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CBS Sports Spectacular

From Wikipedia, the free encyclopedia

CBS Sports Spectacular
CBS Sports Spectacular.png
Logo used from 2006 until 2015
Also known as
  • The CBS Sports Spectacular (1960–1975 and 1979–1981)
  • The CBS Sports Special (1976–1978)
  • CBS Sports Saturday
    / Sunday
    (1981–1994)
  • Eye on Sports (1994–1995)
  • The CBS Sports Show
    (1995–1996)
GenreSports anthology program
Presented bySee host section
Opening themeSee theme music section
Country of originUnited States
Original language(s)English
No. of seasons58
Production
Production location(s)Varies depending on the event
Camera setupMulti-camera
Running time60 minutes
Production company(s)CBS Sports
Release
Original networkCBS
Picture format480i (SDTV),
1080i (HDTV)
Original releaseJanuary 3, 1960 (1960-01-03) –
present
External links
Website

CBS Sports Spectacular is a sports anthology television program that is produced by CBS Sports, the sports division of the CBS television network in the United States. The series began on January 3, 1960, as The CBS Sports Spectacular, and has been known under many different names, including CBS Sports Saturday,[1] CBS Sports Sunday, Eye on Sports[2] and The CBS Sports Show.[3] The program continues to air on an irregular basis on weekend afternoons, especially during the late spring and summer months. Normally it airs pre-recorded "time-buy" sports events produced by outside companies, such as supercross or skiing competitions, or sponsored documentaries.

Hosts

Hosts of the program have included John "Bud" Palmer, Jack Whitaker, Brent Musburger,[4] Pat Summerall, Jim Kelly,[5] Dick Stockton,[6] Tim Brant,[7] John Tesh, Greg Gumbel, Pat O'Brien, Andrea Joyce, and Michele Tafoya.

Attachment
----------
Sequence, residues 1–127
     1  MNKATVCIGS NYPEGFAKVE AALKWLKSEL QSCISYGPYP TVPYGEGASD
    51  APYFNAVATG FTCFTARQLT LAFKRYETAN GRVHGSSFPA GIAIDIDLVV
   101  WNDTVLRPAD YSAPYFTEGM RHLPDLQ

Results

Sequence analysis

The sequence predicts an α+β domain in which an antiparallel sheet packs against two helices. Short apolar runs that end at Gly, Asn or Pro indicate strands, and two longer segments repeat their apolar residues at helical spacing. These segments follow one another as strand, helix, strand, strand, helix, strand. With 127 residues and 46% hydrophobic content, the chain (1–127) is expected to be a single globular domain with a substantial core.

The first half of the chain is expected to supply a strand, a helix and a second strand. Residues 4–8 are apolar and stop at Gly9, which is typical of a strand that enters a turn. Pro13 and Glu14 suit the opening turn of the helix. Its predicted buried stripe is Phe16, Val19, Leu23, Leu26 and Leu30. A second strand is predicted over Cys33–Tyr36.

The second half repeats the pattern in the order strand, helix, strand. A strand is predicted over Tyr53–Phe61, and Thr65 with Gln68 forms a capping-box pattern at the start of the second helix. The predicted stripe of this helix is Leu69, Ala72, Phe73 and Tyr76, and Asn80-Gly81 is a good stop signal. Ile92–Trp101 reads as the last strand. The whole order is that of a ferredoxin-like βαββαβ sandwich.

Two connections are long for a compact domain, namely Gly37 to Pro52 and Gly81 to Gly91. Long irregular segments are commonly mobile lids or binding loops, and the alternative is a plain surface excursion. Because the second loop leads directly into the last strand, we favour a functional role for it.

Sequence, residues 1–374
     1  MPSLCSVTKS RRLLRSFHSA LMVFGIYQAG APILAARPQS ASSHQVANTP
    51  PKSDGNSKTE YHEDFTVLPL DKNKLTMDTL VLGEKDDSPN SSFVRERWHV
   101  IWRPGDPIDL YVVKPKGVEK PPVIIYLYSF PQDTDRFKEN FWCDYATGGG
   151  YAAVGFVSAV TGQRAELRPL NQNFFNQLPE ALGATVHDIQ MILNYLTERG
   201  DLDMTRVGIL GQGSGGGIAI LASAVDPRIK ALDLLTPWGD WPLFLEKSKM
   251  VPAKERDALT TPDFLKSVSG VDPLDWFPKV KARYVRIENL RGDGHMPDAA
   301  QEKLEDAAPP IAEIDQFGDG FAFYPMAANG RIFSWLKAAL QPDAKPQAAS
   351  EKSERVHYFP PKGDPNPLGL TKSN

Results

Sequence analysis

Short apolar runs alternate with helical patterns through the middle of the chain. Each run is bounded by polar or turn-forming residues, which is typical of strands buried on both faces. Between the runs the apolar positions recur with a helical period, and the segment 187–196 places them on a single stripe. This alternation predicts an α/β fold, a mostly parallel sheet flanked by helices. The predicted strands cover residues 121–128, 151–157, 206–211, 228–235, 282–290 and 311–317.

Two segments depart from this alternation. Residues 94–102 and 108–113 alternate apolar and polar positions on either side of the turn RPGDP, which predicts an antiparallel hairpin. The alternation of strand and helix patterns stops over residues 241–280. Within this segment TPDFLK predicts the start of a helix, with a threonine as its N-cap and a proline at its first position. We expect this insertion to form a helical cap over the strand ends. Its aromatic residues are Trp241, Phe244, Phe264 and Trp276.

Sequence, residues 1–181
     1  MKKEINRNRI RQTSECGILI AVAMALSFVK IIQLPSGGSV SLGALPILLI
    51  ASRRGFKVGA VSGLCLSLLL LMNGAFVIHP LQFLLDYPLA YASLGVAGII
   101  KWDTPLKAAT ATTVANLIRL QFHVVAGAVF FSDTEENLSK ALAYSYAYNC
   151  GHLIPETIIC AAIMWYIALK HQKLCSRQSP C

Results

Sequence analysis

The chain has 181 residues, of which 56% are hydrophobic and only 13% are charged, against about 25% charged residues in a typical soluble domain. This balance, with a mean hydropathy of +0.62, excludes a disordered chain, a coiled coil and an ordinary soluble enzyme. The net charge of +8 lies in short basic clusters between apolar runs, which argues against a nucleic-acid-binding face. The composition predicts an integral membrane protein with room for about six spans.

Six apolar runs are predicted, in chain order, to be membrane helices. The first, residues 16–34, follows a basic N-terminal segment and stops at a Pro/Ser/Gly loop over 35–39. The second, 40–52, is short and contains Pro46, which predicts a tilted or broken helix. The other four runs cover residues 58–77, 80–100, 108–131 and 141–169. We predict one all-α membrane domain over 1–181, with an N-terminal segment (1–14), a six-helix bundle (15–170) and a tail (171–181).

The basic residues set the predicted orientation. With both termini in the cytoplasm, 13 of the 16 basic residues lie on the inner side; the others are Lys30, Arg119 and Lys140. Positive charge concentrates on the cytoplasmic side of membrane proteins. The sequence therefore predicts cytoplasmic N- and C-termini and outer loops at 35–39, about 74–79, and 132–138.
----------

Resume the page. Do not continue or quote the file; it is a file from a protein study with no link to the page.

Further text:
Under its current format, the program does not have a regular host.

Sports featured

The earliest surviving telecast may be of the Twin 100 qualifying races before the second Daytona 500 at Daytona International Speedway in 1960. NASCAR has a kinescope of it. In 1994, CBS had a new series of boxing bouts on Saturday or Sundays under the Eye on Sports[8] banner. Tim Ryan (blow-by-blow) and Gil Clancy (color) were the commentators during this period.[9] CBS continued airing boxing on a somewhat regular basis until 1998, by which time they had the NFL (after acquiring the American Football Conference package from NBC) and college football back on their slate. As of early 2020, the series airs mainly on the CBS Sports Network.

Currently[when?], the most frequent sports that have been featured are the PBR Bull Riding series, the Lucas Oil Off-Road Racing Series and Major League Fishing. Other events include the Deer Valley Celebrity Skifest, the Arete Awards for Courage in Sports, Year in Review shows and various documentaries.

By 2008, this was a partial list of the events that were featured:

Memorable moments

Theme music